Marc Sauter, Vodafone’s M2M partner manager, describes the kit as a preconfigured combination of Intel’s Atom processor-based hardware and Vodafone’s M2M Connectivity Solution to enable customers and developers to instantaneously connect their devices to the Internet. He says, “Developers can develop new M2M applications and services in a few weeks rather than months. They can then use the Starter Kit for initial trials and pilot projects. For mass rollouts the customers have access to Intel’s and Vodafone’s worldwide set of partners to get the most competitive solution.”

Combining Intel’s computing platforms, based around the Intel Core and Intel Atom processor, with Vodafone’s M2M connectivity-management solution (global M2M SIM, M2M Connectivity Platform) should provide off-the-shelf solutions for developers, allowing them to focus on the application and service development knowing the M2M hardware and connectivity solution is already in place. “Vodafone M2M solutions have well-established mechanisms to manage connectivity and connect devices,” adds Sauter. “The collaboration with Intel ensures that these mechanisms can be extended to provision and manage devices to the application level.”

Such collaboration is aimed at making it simpler and more affordable to develop intelligent devices that are connected to the Internet. It is a concept that many in the market are aiming to achieve, yet with much different results.

“There is already a lot of innovation happening in the M2M market driven by smaller start-ups but also by large global players such as Intel and Vodafone,” says Sauter. “However, the fragmentation and complexity of the M2M market are still limiting factors slowing down the rapid adoption of M2M. In order to tap into the huge market potential of M2M and enable the M2M mass market with billions of connected devices, open platforms with standardized interfaces need to be developed.”

Sauter characterizes the collaboration between the two companies as a step toward the vision of having standardized building blocks for M2M developers.

This type of innovation is even occurring at the M2M platform design level. With an eye on providing an alternative to proprietary platforms, Intel and Ericsson have introduced the Intel M2M Reference Design, which supports standards-based technologies. With the reference design, developers no longer need to design a board from scratch, nor do they need to be experts in wireless technology in order to create M2M applications. The technologies provided by both companies allow sufficient computing and connectivity, essentially future-proofing the platform to provide extensible and open capabilities.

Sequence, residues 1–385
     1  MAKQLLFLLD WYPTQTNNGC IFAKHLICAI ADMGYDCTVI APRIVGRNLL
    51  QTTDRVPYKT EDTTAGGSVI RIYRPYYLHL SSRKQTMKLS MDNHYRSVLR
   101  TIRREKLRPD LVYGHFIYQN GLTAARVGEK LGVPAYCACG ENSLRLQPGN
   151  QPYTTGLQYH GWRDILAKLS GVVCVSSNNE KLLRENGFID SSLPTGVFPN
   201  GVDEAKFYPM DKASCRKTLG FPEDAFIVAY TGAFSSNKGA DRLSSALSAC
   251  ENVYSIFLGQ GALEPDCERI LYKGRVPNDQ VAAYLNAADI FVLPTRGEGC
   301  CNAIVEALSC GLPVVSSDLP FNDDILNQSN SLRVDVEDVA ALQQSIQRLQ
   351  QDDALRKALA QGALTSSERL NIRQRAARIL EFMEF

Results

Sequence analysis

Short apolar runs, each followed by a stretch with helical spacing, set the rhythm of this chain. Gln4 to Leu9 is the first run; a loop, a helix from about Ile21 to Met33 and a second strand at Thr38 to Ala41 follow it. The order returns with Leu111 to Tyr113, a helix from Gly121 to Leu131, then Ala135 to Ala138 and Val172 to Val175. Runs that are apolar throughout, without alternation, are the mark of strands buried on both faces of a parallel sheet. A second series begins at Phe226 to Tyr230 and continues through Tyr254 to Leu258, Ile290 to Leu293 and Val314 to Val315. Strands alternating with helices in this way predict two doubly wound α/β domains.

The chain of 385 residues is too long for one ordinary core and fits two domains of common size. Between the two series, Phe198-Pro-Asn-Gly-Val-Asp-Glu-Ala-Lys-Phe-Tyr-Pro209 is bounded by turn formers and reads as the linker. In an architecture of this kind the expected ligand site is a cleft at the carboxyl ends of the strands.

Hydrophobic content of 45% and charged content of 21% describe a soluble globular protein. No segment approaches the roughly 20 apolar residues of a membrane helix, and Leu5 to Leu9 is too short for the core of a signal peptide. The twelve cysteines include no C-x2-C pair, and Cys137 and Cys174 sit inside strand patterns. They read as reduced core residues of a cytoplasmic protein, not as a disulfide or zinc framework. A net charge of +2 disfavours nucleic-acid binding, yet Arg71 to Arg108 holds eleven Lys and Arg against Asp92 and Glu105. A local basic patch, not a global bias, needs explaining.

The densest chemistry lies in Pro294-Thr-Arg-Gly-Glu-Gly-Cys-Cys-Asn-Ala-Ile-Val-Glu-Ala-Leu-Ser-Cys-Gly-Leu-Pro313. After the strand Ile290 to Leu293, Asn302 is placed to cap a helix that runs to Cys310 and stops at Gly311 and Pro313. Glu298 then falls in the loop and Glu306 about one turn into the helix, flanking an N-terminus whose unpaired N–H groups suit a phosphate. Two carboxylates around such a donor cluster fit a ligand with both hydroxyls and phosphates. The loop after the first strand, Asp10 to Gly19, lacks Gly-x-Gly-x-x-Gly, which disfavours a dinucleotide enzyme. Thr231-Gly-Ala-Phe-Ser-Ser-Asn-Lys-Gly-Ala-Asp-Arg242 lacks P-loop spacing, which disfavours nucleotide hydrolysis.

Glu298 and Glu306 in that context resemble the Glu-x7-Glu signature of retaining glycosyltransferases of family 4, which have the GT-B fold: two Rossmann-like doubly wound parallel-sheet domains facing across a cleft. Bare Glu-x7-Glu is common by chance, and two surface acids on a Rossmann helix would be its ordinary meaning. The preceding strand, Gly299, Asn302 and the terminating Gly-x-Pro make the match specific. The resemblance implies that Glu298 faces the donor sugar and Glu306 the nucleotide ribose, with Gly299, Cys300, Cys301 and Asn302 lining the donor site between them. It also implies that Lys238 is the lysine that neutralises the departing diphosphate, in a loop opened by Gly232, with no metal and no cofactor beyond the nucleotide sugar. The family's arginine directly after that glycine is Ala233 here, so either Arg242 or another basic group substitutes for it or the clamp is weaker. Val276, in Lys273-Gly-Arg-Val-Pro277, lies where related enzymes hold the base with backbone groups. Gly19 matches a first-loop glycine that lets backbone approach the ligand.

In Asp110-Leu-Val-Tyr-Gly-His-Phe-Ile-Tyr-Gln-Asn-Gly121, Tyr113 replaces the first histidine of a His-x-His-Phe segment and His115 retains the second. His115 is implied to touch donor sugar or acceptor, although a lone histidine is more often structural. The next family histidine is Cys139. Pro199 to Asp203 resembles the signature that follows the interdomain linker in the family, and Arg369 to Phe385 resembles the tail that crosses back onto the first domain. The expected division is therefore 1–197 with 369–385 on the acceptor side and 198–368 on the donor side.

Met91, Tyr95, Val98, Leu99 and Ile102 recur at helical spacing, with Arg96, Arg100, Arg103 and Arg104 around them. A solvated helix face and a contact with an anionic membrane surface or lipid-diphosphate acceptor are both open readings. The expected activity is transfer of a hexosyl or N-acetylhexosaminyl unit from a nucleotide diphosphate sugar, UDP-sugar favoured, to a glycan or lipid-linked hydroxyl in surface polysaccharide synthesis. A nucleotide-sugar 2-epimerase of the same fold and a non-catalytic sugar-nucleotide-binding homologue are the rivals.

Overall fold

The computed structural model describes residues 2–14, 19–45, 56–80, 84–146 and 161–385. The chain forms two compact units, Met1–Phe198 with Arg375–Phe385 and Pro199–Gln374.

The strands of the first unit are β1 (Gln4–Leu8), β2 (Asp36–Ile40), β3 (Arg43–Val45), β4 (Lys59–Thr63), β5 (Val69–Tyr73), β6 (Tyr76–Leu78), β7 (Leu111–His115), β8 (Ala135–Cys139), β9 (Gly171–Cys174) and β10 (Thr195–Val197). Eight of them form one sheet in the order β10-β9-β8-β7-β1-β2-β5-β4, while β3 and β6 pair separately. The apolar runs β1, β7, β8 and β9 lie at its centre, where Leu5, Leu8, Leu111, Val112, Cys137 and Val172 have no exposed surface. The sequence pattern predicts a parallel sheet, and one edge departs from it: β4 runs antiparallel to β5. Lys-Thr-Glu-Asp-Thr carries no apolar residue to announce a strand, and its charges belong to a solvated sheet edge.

Companies are already embracing such an idea. Take, for example, Sweden-based Yanzi Networks, which at Mobile World Congress in Barcelona this past February, demonstrated real customer stories of a grocery store and a cattle farm in Sweden streaming video and sensor data over the 3G/4G network. Such case studies demonstrate the power of leveraging the Intel Atom processor in combination with Ericsson’s F5521gw mobile broadband modules.

Yanzi has developed a scalable server platform that interconnects and manages different devices automatically. When detailing the announcement, Yanzi’s CEO and founder Lars Ramfelt said, “With the Intel Atom processor, Yanzi has the foundation for secure, high-performance, low-power, cost-efficient video processing required in next-generation M2M applications. The combination of the Yanzi solution running on this processor and the high-speed mobile broadband module from Ericsson creates a foundation for carriers to provide new service offerings.”

Telenor Objects has introduced a managed service called Shepherd, which simplifies the deployment and operation of new M2M services based on a device library and generic service enablers. The openness of the architecture allows customers to choose the most suitable devices and applications when building their solution. The service allows data to be captured, delivered, and processe